Data science workshop introduces students to programming, teaches valuable skills

Assistant Director and Manager for Systems and Networking Research Technologist Kirk Anne hosted a data science workshop for the programming and data science club on Sunday April 9, in which students analyzed a dataset to determine whether passengers on the Titanic were likely to survive. 

The workshop allowed students to become familiar with data acquisition, cleaning, analysis and presentation. 

Students of all programming abilities were welcome at the workshop. Kirk and members of the programming and data science club were available an hour before the event to assist students in downloading the necessary programming software to participate. 

“We’re working on trying to find ways to expose students to programming and data science,” Anne said. “Even in the humanities and history and English—these types of techniques are being used for research. This spans all disciplines and the ability to work with data—to present a cohesive and coherent argument—is important and these are the tools to do so.”

During the workshop, students examined several variables that influenced survival rate on the Titanic: the passenger class, gender, age, whether the passenger had siblings or a spouse on board, the number of parents and children on board, the ticket number, the passage fare, the cabin number and where each passenger entered onto the ship. 

Attendees typed a series of commands on their screens to access the data and then explored multiple methods to analyze the data, with Anne showing them how to use the Python programming language. Programming and data science club president and mathematics major senior Walter Gerych explained how to use the R programming language.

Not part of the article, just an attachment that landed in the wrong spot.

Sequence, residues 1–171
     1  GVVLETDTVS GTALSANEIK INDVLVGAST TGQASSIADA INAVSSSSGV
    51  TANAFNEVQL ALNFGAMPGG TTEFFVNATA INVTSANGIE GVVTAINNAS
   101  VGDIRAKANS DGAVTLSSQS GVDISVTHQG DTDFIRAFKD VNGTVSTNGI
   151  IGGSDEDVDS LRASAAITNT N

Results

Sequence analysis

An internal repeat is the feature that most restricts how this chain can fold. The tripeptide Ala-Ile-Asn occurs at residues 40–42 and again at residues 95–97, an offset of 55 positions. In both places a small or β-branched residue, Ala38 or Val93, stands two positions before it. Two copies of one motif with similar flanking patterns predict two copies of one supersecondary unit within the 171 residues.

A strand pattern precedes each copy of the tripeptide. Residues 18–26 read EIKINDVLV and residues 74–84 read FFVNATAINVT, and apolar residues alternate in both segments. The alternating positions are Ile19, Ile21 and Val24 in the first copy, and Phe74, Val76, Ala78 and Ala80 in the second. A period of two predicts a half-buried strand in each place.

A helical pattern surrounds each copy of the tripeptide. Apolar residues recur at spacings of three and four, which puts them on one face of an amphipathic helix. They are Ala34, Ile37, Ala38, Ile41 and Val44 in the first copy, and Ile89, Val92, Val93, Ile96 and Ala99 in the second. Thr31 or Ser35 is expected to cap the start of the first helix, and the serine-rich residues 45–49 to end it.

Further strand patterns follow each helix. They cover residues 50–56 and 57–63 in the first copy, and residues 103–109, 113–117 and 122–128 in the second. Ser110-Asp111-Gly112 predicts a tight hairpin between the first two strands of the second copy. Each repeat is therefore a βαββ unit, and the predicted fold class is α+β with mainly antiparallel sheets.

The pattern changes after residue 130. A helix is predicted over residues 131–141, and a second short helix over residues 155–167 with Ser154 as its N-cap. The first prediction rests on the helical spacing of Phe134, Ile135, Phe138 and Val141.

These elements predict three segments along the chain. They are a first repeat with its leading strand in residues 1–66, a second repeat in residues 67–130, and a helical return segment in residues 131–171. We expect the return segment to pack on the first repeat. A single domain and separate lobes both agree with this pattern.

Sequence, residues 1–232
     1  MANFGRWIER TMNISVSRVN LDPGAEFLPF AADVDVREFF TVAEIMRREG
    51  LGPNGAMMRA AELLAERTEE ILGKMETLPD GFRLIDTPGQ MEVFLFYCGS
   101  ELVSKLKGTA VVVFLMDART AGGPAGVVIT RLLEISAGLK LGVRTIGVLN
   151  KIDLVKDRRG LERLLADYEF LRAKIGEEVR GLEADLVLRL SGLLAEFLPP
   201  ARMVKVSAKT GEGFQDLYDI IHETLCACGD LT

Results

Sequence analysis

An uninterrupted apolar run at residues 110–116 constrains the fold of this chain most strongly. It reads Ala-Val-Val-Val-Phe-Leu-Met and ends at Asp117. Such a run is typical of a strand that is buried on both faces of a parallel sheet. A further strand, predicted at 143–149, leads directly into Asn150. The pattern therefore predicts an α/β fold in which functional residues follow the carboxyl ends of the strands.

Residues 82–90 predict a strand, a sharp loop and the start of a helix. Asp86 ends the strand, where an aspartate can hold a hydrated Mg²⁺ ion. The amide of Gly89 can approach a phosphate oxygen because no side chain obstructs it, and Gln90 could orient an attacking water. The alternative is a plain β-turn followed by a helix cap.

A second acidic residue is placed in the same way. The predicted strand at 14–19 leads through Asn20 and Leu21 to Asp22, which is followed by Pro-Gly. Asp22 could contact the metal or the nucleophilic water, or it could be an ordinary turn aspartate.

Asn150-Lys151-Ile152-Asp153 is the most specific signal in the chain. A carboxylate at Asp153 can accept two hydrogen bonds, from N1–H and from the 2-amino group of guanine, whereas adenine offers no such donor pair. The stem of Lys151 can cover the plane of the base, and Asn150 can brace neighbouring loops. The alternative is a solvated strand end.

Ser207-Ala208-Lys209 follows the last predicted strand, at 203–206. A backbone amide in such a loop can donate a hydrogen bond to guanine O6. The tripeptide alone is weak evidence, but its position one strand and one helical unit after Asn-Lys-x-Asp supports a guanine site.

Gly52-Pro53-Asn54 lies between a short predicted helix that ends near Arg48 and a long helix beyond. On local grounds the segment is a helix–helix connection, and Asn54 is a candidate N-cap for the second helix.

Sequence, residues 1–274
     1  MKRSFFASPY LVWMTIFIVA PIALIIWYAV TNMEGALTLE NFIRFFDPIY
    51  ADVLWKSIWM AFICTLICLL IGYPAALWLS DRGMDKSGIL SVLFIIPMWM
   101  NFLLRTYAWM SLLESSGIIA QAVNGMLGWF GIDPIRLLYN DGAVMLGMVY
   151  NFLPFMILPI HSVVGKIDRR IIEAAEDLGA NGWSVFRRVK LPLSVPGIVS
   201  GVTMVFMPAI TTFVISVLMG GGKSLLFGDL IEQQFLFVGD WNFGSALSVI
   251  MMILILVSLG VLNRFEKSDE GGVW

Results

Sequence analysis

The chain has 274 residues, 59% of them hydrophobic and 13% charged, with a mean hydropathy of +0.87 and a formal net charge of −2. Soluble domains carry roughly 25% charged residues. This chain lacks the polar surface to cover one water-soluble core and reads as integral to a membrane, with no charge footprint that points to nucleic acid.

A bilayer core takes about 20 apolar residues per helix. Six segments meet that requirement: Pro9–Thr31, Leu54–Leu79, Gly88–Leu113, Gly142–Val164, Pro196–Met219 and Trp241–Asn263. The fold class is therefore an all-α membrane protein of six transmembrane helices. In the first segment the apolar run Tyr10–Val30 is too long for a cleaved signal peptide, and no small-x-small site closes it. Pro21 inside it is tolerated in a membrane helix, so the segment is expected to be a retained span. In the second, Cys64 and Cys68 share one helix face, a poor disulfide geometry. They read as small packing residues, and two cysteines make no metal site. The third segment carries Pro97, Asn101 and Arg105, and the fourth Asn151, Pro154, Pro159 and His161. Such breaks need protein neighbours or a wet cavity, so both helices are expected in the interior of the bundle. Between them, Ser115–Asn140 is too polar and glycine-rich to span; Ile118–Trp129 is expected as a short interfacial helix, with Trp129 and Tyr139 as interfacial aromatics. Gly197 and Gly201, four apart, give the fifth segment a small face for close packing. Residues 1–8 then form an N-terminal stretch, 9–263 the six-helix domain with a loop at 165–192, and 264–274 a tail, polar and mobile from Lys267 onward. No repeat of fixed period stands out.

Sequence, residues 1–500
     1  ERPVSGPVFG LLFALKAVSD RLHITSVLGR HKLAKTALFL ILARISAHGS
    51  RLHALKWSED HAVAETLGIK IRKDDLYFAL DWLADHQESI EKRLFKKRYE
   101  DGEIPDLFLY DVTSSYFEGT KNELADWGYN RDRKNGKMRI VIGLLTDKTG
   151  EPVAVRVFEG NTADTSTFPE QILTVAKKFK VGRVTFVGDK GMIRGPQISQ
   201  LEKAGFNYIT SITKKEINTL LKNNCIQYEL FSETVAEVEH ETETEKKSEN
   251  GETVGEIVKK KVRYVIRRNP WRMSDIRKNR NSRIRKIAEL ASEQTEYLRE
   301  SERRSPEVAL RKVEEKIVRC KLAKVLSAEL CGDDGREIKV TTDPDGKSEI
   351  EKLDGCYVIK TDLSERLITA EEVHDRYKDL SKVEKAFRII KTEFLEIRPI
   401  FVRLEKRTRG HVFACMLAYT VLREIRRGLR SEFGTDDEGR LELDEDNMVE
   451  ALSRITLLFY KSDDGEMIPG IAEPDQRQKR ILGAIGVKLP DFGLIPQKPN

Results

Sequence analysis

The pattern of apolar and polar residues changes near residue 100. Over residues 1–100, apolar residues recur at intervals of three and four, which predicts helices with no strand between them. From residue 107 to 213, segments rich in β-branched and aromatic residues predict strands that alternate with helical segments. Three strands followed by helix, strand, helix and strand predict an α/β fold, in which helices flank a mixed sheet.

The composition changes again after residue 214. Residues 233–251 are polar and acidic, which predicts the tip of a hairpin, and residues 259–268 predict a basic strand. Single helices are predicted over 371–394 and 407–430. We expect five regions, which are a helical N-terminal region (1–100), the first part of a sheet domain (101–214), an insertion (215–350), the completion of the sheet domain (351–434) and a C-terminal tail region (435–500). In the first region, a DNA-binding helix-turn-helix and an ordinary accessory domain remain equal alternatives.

When evaluating data, Kirk described how there are a variety of factors one can examine: the standard deviation, the minimum, first quartile, median, third quartile and the maximum. Anne suggested using the median, opposed to the average when examining data.

“If you have a billionaire in your town, the average income might be $4 million—but that doesn’t make sense,” Anne said. “The median is usually a slightly better representation for the outliers. If you have one big outlier or one super small outlier, it messes up the data.”

After Anne showed how to cross-examine the data with a series of graphs and tables, attendees found that passengers ranging from 20-40 years of age were more likely to survive when considering age, and women had approximately a 74 percent chance of survival. 

Anne also explained that families might have been less likely to survive, as they focused on staying together and on finding each other before the ship sunk, rather than on finding a lifeboat. 

Students learned about decision trees during the programming workshop. This algorithmic method helps individuals evaluate data by using a graph that calculates possible outcomes, costs and utility in a tree-similar model. 

Anne stressed at the workshop that when using such a model, it is essential to check whether the data is inserted correctly. He explained that there are limitations in solely using this method for analysis, as it is important to think critically about the data and on other potential factors while investigating any data set. 

The club’s vice president and cofounder mathematics major senior Aidan Murphy encourages students who are interested in programming and data analysis to not only attend workshops hosted by the club or its meetings, but to also take the time to actively use these skills independently. 

“Just like learning any other language, unless you are naturally adept at it, just sitting in the class for Spanish or something isn’t going to be enough to learn the language,” he said. “You have to actively use it, you have to dynamically use it for the best results, and that’s what we hope to have our students do.”